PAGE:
However, find yourself offroad and the Levante certainly offers enough to give you the control and handling that some softer crossover cars won’t, so if you do need to take your trident-badged luxe SUV through a muddy field to deliver your welly-wearing friends to a picnic, you shouldn’t have a problem.

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Sitting under the hood is a 275bhp V6 diesel engine, the same you’ll find inGhibli and Quattroporte, that will whisk you to 62mph in 6.9 seconds. Maserati says this is the most powerful engine of its size in this segment, but it’s not the most powerful SUV out there, and will be left in the exhaust fumes of some of the more flighty models. Put your foot down and there’s that reassuring purr, but this isn’t a noisy drive, it’s mostly quiet and refined, save for that moment you put your foot down and everything wakes up to remind you you’re driving a pumped-up sports car.

There’s plenty of weight to the steering, but we found the column-mounted shifters to be a little too big: the left shifter pretty much blocks access to the indicator stalk and we’re pretty sure that you’ll be using that more regularly than you will be manually dropping gears.

There’s a distinct lack of choices available, and that’s perhaps the problem that the Maserati Quartoporte faces: the competition is so widely varied and with companies like Audi churning out S and RS Q models, Porsche pushing its Cayenne and a widening selection of Range Rovers, there’s a lot of choices, some higher quality, some higher performance and some more practical in this highly fluid SUV category.

What the Maserati succeeds in doing is making an alternative choice: there will likely never be a shortage of Audi Q5 or BMW X5s on the road, and this Maserati is there for people who want something different.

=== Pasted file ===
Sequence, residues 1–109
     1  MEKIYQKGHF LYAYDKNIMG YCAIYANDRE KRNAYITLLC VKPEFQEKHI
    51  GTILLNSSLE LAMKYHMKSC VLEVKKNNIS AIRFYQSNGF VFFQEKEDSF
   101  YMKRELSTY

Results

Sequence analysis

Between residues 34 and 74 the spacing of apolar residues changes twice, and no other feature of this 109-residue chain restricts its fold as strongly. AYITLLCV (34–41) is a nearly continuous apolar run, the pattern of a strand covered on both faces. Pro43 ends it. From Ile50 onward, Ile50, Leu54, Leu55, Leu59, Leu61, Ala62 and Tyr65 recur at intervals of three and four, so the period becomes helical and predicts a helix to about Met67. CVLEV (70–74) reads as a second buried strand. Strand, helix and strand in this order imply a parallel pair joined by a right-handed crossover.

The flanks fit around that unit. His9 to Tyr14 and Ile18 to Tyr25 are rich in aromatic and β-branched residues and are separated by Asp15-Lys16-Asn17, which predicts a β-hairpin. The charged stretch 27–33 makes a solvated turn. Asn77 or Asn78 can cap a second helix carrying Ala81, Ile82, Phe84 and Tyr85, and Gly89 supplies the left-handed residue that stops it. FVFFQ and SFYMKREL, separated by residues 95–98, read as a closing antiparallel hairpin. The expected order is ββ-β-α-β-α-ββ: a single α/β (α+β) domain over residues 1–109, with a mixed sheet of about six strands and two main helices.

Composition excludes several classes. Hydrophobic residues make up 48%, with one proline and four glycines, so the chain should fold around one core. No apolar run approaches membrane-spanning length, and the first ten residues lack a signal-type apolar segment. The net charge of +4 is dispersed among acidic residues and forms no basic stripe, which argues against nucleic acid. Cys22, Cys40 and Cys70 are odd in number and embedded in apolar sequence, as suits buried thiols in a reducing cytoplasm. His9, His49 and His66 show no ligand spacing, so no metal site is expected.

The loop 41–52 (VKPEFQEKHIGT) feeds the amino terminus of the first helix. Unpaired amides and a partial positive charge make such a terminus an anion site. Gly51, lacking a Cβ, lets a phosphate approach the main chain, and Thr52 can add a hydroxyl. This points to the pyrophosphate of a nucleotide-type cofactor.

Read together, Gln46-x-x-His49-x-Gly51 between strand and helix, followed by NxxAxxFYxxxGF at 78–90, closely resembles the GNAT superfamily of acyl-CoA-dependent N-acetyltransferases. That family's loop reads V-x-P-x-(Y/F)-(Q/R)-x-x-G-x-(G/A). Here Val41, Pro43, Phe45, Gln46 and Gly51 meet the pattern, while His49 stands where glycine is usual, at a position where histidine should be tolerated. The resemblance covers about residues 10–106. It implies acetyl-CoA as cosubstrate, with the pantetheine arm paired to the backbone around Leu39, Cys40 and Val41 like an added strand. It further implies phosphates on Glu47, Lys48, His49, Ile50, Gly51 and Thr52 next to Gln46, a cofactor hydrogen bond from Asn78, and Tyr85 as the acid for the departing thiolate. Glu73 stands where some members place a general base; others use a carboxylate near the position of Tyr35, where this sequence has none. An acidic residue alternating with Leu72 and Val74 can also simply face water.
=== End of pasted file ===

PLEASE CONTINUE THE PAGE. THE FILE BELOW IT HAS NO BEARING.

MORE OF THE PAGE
With that in mind, the Levante interior finds itself filled with familiar technologies, many that haven’t been offered on a Maserati so readily. There’s an effective blind spot warning and lane departure system. There’s collision warning, emergency braking, adaptive cruise control and so on. Dealing with that slight lack of visibility, there’s also 360-degree cameras and parking sensors, to make sure you don’t drive into that low wall in the Waitrose carpark, as well as the option for a kick sensor for the boot so you can easily get your shopping in.

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There’s also a central touchscreen controller for your media, satnav and other car systems. It’s been designed to be familiar for users coming from other systems, offering both touch and rotary dials, although we don’t quite have the confidence in its user interface that we do for BMW or Audi systems. It’s easy enough to use, but doesn’t quite have the sophistication and maturity of some of its bigger brand rivals. It is responsive to the touch, but you sometimes have to dig a little deep to get to something, like the passenger’s heated seat for example.

There are choices for a range of interior packages, with a leaning towards luxe or sport, and we found the interior to be comfortable and reasonably quiet when underway – despite all the water on the roads. The seats are comfortable and there’s enough space in the rear, although the centre rear might be a bit of a squeeze for a fully grown adult.

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Choosing the Luxury pack (£5,950/$8,925) brings some cost advantages over the individual elements it offers, as well has giving you some upgrades that can’t be found on the options list and offers you a higher quality finish in the interior, while the Sport pack gives you things like the shifters and aluminium pedals for more of a racing look and feel.

First Impressions

But with all that said, the Maserati Levante does elevate itself above many other SUVs that it rivals. As wonderful or as technically proficient as many of them might be, some are getting very commonplace.

If nothing else, then that’s what the Maserati Levante offers. It’s an alternative that sits in the luxury segment, flying the flag for a smaller brand with heritage. It’s a car that, on first impressions, does have a few quirks, but it is interesting, and if you’re looking at spending £55k/$82.5k on an SUV, that’s important.

Our time with the Maserati Levante was a little limited and we can’t profess to having driven it in anger on the road. What we can say is that as much as we don’t think the Levante will worry the luxe SUV segment’s leaders, we can’t help liking it.

(pocket-lint.com, https://goo.gl/eHUVQ4)